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Gaza farmers said set to sell greenhouses
by Josef Federman

The Associated Press    Translate This Article
29 July 2005

JERUSALEM (AP) - A U.S. government agency is in talks with Israeli settlers in Gaza to buy their greenhouses and leave them in place for Palestinian use after Israel's upcoming withdrawal from the area, a leader of the farmers said Friday.

The fate of the hundreds of greenhouses owned by Jewish settlers in the Gaza Strip is one of many unresolved issues surrounding the planned mid-August withdrawal. The lack of coordination between Israel and the Palestinians has raised concerns in the U.S., which believes a successful withdrawal is crucial for future peace efforts.

Eitan Hadari, the Gaza settler leading the negotiations, said the farmers are in talks with the U.S. Agency for International Development to sell about 1,000 acres of greenhouses for $15 million.

``We are close to a deal, but it hasn't been signed yet,'' he said. He acknowledged that no contract has been drawn up and that some issues remain unresolved.

He said the deal would cover about 250 of Gaza's roughly 300 Jewish farms. Hadari said the farmers want to sell their properties because they could not move the greenhouses to new plots of land in Israel quickly enough and believe they are not getting enough compensation from their own government.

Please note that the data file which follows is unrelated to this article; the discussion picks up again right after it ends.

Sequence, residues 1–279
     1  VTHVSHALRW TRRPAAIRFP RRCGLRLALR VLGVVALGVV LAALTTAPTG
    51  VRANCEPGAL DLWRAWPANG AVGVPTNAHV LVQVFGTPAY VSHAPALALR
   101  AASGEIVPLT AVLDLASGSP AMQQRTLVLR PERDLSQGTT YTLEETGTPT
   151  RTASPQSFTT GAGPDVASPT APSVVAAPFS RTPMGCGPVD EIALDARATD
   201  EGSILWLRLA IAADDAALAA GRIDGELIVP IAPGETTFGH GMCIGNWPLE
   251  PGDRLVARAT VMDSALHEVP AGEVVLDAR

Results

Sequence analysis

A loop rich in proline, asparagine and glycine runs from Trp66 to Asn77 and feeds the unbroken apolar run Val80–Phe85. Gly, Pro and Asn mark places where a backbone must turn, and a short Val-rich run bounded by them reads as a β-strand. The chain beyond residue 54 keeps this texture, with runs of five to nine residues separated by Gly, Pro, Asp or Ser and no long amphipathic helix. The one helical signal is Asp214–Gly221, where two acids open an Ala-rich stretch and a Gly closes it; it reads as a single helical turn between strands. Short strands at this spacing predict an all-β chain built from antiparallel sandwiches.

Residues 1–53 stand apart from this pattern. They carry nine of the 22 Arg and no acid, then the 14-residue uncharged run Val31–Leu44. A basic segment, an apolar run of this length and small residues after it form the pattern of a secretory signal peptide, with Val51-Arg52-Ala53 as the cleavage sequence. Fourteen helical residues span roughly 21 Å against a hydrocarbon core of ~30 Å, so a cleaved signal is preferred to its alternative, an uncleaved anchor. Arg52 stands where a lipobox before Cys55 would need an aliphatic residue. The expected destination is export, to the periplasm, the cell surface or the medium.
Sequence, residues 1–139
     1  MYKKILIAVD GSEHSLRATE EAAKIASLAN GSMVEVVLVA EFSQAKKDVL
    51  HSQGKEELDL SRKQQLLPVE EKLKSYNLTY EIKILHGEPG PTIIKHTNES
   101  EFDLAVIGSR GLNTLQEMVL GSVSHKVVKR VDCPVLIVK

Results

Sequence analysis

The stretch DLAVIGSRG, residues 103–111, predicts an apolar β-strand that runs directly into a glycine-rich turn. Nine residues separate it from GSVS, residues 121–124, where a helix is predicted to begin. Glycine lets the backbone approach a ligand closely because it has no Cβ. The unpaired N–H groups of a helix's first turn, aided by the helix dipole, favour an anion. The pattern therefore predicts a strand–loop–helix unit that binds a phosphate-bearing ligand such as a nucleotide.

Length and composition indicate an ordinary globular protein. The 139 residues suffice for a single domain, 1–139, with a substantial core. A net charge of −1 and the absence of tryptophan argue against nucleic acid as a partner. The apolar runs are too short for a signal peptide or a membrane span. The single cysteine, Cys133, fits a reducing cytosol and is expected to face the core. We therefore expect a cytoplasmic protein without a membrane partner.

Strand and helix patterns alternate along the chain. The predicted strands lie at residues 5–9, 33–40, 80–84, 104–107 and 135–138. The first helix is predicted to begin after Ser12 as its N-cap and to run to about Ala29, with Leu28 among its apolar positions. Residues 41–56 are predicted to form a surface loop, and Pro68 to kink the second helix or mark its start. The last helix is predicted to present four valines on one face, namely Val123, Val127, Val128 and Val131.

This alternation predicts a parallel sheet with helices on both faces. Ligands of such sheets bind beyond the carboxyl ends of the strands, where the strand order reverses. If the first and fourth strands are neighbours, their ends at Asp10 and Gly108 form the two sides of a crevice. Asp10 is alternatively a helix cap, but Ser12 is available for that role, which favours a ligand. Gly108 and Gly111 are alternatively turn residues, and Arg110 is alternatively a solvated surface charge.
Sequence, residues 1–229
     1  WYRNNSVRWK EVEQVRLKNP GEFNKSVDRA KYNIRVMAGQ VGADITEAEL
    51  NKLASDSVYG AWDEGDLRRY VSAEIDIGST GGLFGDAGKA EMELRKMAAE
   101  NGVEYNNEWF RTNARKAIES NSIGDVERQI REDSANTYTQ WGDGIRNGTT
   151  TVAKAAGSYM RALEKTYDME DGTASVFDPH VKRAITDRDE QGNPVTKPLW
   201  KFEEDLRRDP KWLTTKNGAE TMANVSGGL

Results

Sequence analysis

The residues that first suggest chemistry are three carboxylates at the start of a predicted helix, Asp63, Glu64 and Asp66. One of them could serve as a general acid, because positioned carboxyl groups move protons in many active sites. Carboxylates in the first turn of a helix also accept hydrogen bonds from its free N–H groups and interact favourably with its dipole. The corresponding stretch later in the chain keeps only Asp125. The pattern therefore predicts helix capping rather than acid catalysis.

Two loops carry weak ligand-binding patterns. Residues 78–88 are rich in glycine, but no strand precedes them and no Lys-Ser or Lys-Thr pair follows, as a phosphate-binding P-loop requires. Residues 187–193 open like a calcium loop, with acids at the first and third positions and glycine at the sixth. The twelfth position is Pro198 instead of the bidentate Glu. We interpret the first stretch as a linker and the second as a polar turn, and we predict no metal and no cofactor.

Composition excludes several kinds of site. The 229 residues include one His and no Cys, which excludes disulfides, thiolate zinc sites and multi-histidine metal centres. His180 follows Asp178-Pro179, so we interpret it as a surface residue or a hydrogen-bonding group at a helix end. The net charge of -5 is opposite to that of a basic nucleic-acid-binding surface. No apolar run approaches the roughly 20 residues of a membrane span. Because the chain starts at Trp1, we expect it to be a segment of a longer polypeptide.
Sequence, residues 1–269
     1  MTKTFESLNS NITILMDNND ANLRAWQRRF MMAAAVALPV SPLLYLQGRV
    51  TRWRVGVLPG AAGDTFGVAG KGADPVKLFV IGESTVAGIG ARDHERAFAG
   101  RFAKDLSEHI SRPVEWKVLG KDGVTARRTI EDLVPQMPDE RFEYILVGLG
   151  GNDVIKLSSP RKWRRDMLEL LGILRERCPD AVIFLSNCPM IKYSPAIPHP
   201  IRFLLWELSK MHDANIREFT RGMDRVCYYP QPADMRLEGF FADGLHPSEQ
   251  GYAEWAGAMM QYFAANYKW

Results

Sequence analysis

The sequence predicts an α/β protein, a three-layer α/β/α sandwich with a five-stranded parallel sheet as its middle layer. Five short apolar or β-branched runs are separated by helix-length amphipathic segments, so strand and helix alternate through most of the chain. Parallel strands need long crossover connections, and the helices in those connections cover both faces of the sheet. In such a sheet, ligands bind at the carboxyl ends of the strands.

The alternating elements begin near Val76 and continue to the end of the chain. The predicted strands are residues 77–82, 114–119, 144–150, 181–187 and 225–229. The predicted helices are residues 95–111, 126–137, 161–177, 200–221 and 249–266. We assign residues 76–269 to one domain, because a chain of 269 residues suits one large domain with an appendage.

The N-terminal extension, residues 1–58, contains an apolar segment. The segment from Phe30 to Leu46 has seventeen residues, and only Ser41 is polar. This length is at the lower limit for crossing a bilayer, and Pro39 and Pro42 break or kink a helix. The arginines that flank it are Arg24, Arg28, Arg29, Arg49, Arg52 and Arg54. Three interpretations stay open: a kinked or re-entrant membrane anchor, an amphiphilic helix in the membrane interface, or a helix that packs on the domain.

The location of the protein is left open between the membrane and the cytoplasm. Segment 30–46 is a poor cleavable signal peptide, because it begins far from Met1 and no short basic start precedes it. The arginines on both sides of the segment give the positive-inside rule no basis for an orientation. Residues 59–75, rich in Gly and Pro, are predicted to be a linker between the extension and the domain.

Silvana Foa, a spokeswoman for USAID, confirmed that talks are being held, but would not elaborate on which issues still need to be resolved.

The Gaza greenhouses grow spices, flowers, cucumbers, peppers and other produce, mostly for export. Hadari said the plan would transfer the greenhouses to local Palestinian farmers, possibly a cooperative, to be used for export purposes.

Palestinian Economics Minister Mazen Sonnoqrot said the Palestinian government would not directly or indirectly compensate the Jewish settlers for their greenhouses. But he said the Palestinian government has informed the Americans that it would accept the greenhouses from a third party.

The greenhouses, he said, would help the Palestinians economically and give them access to new high-tech greenhouse technology. ``If these greenhouses remain intact we will benefit from them,'' Sonnoqrot said.

In mid-August, Israel is to evacuate all 21 settlements in the Gaza Strip and four small enclaves in the West Bank, forcing nearly 9,000 Jewish settlers from their homes.

In a television interview Friday, Maj. Gen Dan Harel, the Israeli military commander for the Gaza Strip, pledged to complete the mission ``with determination.''

``If you would ask me whether I would choose to do this, the answer is no, no. But at the end of the day, no one can choose or sway his fate, not his and not the country's,'' Harel told Channel 10 television.

Israel's Channel Two television reported Friday that Dov Weisglass, a top adviser to Prime Minister Ariel Sharon, would travel to Washington this weekend for talks with Secretary of State Condoleezza Rice, who is pressing the two sides to work together.

Copyright © 2005 The Associated Press. All rights reserved. This material may not be published, broadcast, rewritten or redistributed.

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